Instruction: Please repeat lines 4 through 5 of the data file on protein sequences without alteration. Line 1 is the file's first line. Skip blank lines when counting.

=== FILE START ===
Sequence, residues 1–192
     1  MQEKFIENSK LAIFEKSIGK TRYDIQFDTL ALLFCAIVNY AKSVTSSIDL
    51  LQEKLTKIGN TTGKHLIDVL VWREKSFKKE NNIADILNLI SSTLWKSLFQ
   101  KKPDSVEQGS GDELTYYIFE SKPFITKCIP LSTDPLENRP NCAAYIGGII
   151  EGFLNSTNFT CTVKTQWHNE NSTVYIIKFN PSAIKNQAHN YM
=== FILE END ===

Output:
   101  KKPDSVEQGS GDELTYYIFE SKPFITKCIP LSTDPLENRP NCAAYIGGII
   151  EGFLNSTNFT CTVKTQWHNE NSTVYIIKFN PSAIKNQAHN YM